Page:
From the age of 11 there are a lot of changes happening not only physically and emotionally but there are also changes socially (starting secondary school, spending more time with friends) which can present with new challenges such as feeling the pressure to achieve academically and feeling peer pressure to self-harm or use drugs or alcohol and sexual relationships.
Feeling unhappy or low is a very natural response to all the changes and stresses in a young person’s environment. Most young people experience feeling low or feel generally unhappy by certain things going on in their lives at some point or another. Talking to a counsellor helps to work through issues before they get out control.
But some young people feel sad, anxious or stressed for longer periods of time where it stops them from doing things they would normally do. Feeling exhausted and hopeless when they get up in the morning or even doing the simplest things becomes a challenge is known in the medical profession as depression. Depression can be caused by a reaction to a major event like parents getting divorced or family breakdowns, domestic violence, bullying, neglect, abuse and sometimes depression may run in the family (genetic factors). It could also be as a result of feeling a lot of stress with no support.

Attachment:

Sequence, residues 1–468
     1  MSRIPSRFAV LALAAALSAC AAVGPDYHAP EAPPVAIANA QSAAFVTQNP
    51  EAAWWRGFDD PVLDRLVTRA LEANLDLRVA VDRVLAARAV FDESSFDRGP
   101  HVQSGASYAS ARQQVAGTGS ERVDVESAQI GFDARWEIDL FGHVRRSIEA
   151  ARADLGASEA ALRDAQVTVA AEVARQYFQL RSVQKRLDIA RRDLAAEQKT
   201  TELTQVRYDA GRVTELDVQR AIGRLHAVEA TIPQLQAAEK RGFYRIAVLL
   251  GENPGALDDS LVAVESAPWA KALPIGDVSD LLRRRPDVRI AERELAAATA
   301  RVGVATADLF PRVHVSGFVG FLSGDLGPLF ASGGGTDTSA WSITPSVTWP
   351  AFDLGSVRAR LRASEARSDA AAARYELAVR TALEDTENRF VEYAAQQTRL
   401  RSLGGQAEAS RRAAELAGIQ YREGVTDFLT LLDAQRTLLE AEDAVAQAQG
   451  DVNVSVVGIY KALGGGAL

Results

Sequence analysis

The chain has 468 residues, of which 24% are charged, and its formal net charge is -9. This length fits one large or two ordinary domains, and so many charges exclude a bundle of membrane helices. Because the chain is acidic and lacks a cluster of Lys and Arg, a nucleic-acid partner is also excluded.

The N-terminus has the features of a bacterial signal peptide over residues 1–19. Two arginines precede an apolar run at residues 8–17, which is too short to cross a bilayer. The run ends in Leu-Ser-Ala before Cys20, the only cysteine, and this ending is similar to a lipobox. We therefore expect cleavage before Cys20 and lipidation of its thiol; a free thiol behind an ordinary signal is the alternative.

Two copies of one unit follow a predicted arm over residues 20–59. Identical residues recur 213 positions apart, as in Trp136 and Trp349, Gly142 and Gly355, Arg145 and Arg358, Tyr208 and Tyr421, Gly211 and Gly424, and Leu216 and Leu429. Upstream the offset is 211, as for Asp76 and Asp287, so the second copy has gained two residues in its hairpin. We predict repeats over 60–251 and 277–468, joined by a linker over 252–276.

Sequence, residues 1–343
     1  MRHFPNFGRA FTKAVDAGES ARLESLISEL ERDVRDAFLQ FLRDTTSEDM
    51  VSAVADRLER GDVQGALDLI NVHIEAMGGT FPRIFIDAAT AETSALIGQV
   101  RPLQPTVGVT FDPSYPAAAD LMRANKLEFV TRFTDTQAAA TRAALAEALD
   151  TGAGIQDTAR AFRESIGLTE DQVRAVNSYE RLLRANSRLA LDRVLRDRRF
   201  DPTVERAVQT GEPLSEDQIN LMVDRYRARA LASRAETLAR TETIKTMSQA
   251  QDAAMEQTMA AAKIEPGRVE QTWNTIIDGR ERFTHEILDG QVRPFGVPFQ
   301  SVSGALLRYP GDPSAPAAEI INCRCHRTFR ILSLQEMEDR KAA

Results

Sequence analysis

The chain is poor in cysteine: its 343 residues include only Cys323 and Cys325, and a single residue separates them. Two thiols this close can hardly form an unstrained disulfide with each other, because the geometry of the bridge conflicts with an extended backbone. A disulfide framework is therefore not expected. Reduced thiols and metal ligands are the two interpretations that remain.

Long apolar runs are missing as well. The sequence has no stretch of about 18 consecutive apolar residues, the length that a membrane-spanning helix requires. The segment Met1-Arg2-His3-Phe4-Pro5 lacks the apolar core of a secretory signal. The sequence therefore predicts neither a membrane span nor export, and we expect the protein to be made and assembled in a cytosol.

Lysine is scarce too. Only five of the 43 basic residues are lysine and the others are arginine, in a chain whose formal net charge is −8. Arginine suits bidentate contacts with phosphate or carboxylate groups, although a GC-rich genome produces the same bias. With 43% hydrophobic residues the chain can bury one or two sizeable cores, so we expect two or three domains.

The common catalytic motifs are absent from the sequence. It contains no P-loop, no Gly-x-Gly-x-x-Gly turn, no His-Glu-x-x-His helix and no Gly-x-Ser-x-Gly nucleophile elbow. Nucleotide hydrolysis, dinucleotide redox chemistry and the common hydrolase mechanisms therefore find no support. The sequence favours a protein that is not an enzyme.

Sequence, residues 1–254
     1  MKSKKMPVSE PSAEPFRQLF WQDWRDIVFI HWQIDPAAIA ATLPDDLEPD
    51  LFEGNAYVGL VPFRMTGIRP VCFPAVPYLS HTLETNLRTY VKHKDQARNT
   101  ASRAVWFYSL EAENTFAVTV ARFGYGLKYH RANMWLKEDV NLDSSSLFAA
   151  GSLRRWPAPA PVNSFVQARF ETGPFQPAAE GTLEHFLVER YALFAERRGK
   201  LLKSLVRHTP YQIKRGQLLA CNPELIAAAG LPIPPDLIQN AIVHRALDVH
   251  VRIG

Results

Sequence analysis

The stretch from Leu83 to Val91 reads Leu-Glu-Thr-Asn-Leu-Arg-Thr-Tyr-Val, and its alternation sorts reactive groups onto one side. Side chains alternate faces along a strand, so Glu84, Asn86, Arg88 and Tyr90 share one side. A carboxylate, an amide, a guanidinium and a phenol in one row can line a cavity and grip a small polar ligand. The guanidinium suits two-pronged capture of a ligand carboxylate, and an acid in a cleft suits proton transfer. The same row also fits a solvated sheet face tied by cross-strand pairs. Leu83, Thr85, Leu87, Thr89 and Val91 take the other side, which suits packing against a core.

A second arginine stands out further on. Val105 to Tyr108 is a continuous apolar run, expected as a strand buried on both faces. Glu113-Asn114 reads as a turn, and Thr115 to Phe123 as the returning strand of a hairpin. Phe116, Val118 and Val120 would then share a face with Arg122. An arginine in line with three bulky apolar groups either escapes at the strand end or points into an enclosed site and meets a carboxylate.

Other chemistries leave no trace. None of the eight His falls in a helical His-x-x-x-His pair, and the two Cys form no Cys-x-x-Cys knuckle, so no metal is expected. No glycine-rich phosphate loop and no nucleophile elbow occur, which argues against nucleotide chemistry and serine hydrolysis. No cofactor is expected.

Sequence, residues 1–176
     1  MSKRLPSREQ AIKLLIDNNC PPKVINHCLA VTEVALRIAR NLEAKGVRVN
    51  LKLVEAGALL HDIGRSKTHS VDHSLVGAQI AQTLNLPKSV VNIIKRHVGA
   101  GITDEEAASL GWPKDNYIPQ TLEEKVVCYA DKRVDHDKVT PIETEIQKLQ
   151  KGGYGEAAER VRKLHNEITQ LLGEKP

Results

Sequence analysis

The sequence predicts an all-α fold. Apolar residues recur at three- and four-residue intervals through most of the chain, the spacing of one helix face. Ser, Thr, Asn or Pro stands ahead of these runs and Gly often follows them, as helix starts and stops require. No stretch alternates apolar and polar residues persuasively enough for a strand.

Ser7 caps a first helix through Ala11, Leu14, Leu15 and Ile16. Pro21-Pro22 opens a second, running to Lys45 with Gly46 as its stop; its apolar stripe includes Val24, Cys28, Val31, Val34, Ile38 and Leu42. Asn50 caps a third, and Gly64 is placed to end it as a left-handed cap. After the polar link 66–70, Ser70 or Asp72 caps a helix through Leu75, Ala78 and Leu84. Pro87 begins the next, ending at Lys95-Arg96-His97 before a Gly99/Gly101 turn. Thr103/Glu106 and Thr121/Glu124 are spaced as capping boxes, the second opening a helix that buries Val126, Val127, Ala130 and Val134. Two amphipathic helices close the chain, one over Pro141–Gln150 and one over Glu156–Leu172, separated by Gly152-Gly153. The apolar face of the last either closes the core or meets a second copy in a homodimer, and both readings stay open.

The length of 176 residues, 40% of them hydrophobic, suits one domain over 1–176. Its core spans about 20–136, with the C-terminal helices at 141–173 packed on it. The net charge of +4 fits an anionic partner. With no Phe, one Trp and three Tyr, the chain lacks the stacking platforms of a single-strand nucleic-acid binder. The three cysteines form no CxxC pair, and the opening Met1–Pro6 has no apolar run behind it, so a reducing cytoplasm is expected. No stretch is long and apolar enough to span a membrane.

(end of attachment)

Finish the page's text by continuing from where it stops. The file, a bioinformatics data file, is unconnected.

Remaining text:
Symptoms of depression include:
- not wanting to do things that were previously enjoyed,
- not wanting to meet up with friends or avoiding social situations
- sleeping more or less than normal
- eating more or less than normal
- feeling irritable, upset, miserable or lonely
- being overly self-critical
- feeling for long periods of time hopeless
- maybe wanting to self-harm
- feeling exhausted and not having any energy.
Depression is easy to treat if you get help for it. Talk to your GP, don’t suffer in silence. This will make things worse. There are a lot of young people who suffer from depression and a lot can be done to help.
Talk to a counsellor. This is someone who is objective and trained to listen to you without judging you. Talking definitely helps.
Seeing my Youthline counsellor helps me concentrate at school more knowing I have someone to talk to.